“At the same time, the extensiveness of Medicare coverage is shrinking, along with providers who can work with it,” Dr. Siegel explained. “And the barriers to getting needed procedures and treatments are increasing, along with out-of-pocket costs.”

Some older adults are attempting to break through these barriers by reaching out to people like Dr. Shana Johnson, a physical medicine and rehabilitation physician in Scottsdale, Arizona.

“Every step of the health care system is laden with complexity—from scheduling an appointment with a provider that accepts your insurance to filling a prescription that you can afford to discerning which medical tests you actually need,” Dr. Johnson told Fox News Digital.

Dr. Johnson has taken on a new role as an independent healthcare system consultant and already has her work cut out for her. For example, one patient contacted Dr. Johnson because her primary care doctor was unable to refer her to a rheumatologist.

“First, her doctor sent her to the university medical center,” Dr. Johnson said. “They denied the referral because their appointment slots were reserved for high-complexity cases, and her case was deemed not difficult enough.”

The patient was then referred to a private rheumatology practice, which denied the referral because the practice did not accept Medicaid insurance. After speaking with the patient, Dr. Johnson suspected she had fibromyalgia, and this could potentially expand the number of specialists to contact.

So, the patient was referred to a pain clinic in a large hospital system, but Dr. Johnson said the referral was denied because the pain clinic was too busy with opioid patients and could not accept outside referrals. Besides that, the patient’s doctor did not work for the hospital system.

“Next, I tried the general physical medicine and rehabilitation clinic,” Johnson said. “They said no because she was a better fit for the pain clinic that declined to see her.”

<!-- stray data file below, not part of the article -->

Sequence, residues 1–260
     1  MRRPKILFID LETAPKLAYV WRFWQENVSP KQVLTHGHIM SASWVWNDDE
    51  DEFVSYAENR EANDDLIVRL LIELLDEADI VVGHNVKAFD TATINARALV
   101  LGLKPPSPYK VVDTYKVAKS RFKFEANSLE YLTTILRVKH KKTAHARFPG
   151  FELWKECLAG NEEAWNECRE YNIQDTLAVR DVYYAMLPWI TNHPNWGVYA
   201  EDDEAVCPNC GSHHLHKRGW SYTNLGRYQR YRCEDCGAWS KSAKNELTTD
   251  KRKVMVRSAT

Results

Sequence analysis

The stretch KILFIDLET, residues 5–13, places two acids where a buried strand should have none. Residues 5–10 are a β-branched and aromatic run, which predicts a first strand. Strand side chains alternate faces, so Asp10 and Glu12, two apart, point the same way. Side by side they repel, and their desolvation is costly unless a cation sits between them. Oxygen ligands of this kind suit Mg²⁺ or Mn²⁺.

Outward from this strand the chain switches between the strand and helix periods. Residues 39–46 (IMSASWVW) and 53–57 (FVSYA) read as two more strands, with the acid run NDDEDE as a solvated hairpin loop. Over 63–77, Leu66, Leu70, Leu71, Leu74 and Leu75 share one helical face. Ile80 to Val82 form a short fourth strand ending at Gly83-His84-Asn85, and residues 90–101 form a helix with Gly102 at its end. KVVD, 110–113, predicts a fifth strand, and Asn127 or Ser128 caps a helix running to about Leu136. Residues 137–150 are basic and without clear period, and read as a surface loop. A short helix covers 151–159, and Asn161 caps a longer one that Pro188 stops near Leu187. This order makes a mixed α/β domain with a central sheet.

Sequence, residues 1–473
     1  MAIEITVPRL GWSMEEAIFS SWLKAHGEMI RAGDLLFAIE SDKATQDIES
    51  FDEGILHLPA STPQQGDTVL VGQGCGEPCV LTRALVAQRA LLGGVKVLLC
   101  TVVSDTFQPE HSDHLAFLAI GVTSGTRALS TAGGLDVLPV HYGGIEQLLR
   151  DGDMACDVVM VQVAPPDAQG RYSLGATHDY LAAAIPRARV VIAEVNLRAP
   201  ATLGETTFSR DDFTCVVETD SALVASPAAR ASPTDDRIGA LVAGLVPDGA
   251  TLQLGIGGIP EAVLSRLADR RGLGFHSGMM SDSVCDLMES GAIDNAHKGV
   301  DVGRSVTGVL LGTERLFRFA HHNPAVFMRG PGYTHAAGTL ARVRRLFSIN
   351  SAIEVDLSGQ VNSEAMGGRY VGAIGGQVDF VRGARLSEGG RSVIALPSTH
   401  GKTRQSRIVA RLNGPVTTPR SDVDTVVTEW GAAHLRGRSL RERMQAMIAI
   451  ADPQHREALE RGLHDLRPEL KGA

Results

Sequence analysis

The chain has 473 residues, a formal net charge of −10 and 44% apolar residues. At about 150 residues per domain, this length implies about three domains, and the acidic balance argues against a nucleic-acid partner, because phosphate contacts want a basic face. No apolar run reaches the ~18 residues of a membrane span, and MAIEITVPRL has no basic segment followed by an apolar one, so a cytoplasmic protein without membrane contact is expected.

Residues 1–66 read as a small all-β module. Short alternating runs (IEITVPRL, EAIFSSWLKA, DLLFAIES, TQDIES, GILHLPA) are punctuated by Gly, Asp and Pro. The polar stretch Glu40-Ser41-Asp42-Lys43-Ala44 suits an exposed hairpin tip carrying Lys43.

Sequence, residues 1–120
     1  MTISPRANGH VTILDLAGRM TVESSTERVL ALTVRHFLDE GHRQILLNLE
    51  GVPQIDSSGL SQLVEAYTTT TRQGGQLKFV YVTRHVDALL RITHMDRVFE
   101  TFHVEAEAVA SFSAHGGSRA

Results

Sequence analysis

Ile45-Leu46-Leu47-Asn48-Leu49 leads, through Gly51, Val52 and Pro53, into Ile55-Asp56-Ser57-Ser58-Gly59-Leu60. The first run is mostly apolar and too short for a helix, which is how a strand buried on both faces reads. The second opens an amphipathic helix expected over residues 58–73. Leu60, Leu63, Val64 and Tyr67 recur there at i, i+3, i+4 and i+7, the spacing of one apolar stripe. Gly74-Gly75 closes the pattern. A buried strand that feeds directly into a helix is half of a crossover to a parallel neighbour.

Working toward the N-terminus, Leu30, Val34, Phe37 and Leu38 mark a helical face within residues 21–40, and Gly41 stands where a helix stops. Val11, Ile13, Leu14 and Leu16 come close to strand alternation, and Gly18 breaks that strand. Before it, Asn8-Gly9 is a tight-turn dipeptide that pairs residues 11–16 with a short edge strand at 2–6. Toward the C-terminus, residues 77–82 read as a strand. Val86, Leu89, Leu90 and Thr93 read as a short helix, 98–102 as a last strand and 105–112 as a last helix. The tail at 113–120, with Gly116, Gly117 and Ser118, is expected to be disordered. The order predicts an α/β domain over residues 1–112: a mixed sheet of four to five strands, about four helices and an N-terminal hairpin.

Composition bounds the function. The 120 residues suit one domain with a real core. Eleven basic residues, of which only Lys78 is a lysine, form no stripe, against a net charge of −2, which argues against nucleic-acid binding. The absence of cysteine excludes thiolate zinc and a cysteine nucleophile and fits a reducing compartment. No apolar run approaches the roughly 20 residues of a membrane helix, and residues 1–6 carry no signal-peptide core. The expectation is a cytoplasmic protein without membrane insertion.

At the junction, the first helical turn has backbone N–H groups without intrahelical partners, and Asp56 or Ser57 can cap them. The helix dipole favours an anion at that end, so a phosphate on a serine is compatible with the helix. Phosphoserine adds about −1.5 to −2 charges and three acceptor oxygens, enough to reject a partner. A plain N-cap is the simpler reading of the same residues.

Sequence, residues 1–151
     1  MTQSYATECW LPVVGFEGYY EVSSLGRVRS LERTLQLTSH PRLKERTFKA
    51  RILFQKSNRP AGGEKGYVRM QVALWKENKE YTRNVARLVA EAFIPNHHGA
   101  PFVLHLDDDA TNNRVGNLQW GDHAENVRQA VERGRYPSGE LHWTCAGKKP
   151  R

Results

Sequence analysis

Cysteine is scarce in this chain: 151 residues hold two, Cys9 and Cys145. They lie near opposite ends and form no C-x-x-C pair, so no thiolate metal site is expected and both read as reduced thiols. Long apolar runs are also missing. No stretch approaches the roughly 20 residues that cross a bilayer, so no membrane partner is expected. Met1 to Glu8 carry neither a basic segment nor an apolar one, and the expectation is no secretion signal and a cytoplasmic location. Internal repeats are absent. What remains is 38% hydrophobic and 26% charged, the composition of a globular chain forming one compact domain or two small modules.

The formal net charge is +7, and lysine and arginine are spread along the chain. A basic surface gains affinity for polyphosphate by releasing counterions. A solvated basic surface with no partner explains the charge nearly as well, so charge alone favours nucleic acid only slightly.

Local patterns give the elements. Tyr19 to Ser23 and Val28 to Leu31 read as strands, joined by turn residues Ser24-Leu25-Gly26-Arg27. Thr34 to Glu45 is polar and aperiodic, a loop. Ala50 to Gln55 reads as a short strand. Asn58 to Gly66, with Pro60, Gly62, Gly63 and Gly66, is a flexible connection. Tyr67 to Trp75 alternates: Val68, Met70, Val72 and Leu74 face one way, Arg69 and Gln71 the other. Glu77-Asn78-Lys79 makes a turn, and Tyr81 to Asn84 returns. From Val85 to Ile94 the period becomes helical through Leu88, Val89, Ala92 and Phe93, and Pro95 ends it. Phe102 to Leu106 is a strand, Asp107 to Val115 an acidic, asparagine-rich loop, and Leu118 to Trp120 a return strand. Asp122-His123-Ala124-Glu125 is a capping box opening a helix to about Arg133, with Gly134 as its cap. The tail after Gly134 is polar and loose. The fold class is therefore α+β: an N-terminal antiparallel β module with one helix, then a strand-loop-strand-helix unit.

By this time, the patient had been waiting—in pain—for five months trying to get a diagnosis—and treatment hadn’t even started. Johnson noted, “This patient’s struggles are not unique—they are the usual.”

Unfortunately, some older adults who face the “treatment burden” that comes with coordinating their healthcare and managing medical costs may choose to forego care, Victor Montori, a professor of medicine at the Mayo Clinic in Rochester, Minnesota, told KFF Health News.

Dr. Elizabeth Rogers, an assistant professor of internal medicine at the University of Minnesota Medical School, provided tips to KFF Health News for making care more accessible for older adults:

  • Give feedback to doctors if a treatment plan doesn’t seem sustainable. Also, patients should discuss what they might gain and lose by forgoing certain tests or treatments. 
  • Discuss which medical interactions are essential and which can be skipped. Based on these discussions, doctors might be able to make adjustments to treatment plans or prescriptions. 
  • Find out if medical centers have social workers or “patient navigators” on staff who can help coordinate and consolidate appointments and arrange transportation if necessary.

Dr. Rogers also advises older adults to ask questions to make sure that they understand their doctor’s directions. 

Dr. Ishani Ganguli, an associate professor of medicine at Harvard Medical School, who led the recent study, told KFF Health News that she would ask a clinician, ‘If I chose this treatment option, what does that mean not only for my cancer or heart disease but also for the time I’ll spend getting care?’ If they don’t have an answer, ask if they can come up with an estimate.”  

Source Links:

Follow Us or Share this page: Kindly go to setting page and check the option "Place them manually"